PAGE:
Career EdVantage launched a new career and internship program for southwest Iowa students Tuesday at its office at 900 Woodbury Ave., Suite 11C.
The program, made possible by a $2.8 million grant from the Charles E. Lakin Foundation, will provide mentoring and support services to help prepare students for careers in building trades, manufacturing, health care, information technology and automotive and diesel technology, a press release from Career EdVantage stated.
“What that’s going to do ultimately is benefit our students and youth, which is exactly what we want,” said Cara Cool-Trede, executive director. “We want to keep them here in southwest Iowa and get them really good jobs so they can be financially successful here.”
Iowa Western Community College President Dan Kinney called it a “key program.”
“Career EdVantage is another key program that will help students thrive in southwest Iowa,” he said. “The program will work with businesses and educators at the high schools and Iowa Western to create career pathways into the high-skill, high-paying jobs in southwest Iowa. This will not only be important to better educating students but will improve economic development in the area.”
Career EdVantage will follow the program model of Avenue Scholars, which works with metro school districts to provide individualized support services to help students enter financially sustaining career paths, the press release stated.
“This is a marvelous opportunity for our kids and communities,” Stephen Wild, president of the Charles E. Lakin Foundation, said in the press release. “Career EdVantage will provide a quality program model and the necessary resources to help disadvantaged students create their own path to success. It is a fitting tribute to Charles and his wife, Florence, who found success through struggles, hard work and education.”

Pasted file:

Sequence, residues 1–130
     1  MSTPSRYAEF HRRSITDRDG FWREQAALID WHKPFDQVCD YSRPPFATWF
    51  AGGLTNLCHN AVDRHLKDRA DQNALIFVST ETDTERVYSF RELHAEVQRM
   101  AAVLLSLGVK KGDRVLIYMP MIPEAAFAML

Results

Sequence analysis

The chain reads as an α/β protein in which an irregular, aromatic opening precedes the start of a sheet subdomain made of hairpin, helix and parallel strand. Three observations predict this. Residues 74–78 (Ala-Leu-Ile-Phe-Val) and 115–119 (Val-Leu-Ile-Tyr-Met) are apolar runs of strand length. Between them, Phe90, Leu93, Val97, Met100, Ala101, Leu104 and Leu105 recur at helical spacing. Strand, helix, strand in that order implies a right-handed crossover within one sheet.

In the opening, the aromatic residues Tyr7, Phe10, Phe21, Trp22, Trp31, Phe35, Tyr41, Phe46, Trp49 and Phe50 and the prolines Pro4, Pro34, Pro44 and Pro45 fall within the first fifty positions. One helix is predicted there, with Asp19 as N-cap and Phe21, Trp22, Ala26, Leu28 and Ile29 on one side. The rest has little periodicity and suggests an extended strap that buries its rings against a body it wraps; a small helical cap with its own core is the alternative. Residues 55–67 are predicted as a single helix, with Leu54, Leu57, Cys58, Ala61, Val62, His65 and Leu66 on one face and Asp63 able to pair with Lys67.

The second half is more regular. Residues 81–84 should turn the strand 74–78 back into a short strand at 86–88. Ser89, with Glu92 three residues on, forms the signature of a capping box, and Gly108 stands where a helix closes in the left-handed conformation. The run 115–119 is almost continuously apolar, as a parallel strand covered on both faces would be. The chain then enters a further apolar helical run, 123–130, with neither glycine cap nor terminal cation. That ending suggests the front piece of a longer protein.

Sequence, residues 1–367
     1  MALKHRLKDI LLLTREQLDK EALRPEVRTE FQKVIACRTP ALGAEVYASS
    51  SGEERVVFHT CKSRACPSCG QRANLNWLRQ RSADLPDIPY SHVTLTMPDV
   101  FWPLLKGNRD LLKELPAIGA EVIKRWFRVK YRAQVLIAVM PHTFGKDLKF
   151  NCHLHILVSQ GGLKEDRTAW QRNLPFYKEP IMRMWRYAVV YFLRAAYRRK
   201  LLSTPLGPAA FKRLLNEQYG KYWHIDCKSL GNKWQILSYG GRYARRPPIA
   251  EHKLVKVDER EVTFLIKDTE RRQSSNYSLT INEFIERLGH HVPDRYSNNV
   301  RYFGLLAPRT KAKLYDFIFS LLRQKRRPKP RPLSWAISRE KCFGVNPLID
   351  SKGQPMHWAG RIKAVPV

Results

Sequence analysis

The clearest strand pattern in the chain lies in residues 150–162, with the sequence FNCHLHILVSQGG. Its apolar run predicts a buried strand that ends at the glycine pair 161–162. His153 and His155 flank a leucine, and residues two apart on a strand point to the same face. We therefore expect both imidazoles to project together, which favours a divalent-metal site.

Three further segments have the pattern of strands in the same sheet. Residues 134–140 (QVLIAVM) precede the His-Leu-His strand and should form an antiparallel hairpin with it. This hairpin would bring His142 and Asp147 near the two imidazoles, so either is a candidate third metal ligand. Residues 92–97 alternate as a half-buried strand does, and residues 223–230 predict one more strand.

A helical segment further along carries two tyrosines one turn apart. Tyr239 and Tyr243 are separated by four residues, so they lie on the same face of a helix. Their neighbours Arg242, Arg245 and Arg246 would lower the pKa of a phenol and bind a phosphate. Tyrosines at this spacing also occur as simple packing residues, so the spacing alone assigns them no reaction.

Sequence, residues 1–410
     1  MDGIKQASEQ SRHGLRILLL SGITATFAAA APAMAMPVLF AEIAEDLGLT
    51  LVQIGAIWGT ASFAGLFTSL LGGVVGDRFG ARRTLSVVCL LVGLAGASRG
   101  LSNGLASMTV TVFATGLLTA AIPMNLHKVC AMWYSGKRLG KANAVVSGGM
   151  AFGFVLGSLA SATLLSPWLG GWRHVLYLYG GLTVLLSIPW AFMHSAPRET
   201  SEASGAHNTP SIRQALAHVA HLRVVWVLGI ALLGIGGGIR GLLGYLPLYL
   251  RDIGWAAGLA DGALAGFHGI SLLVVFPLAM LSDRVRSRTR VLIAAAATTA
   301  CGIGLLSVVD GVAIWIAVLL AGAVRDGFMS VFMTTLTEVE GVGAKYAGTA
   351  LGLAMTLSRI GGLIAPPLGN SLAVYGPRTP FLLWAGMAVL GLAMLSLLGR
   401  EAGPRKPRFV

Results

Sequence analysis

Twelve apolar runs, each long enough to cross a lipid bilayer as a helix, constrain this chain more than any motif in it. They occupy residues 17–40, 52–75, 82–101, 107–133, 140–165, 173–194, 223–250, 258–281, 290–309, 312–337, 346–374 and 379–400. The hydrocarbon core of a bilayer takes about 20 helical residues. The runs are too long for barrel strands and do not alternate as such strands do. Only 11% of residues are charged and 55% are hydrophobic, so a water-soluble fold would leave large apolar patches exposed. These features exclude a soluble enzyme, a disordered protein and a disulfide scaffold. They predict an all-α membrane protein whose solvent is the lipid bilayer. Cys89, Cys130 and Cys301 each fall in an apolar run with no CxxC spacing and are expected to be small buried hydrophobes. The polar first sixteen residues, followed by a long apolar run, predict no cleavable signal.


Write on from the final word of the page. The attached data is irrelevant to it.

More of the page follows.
Students will go through an application process to be selected for the program and enter as high school juniors or seniors, Cool-Trede said. Once accepted, students can stay in the program as they finish high school, go through a community college or training program and start their careers. After high school, they will work with industry coaches.
“The support carries on into the beginning of their actual employment,” she said.
When fully implemented in 2022, Career EdVantage expects to provide mentorship, coaching and support services to about 400 students – 200 high school and 200 post-secondary. The organization will partner with Iowa Western and Future Ready Iowa.
“This program, coupled with Pottawattamie Promise and the Future Ready initiative, will help to improve the quality of life in southwest Iowa,” Kinney said.
The goal is to grow the southwest Iowa workforce, Cool-Trede said. The program aims to eventually add 100 job-ready individuals to the area workforce each year.
This schoolyear, the program will serve a total of 25 students from Avoca-Hancock-Shelby-Tennant-Walnut, Riverside, Shenandoah and Tri-Center Community School Districts, Cool-Trede said. Career coaches will be embedded at all of the participating schools and will be available to talk to students on a daily basis, she said.
It will take a couple months to get everything up and running, Cool-Trede said.
“I would like to get this out there as soon as possible, but we have to be very intentional about the way we start the program,” she said.
Council Bluffs and Lewis Central Community Schools will join the program during the next two years.
— Reporter Courtney Upah contributed to this report
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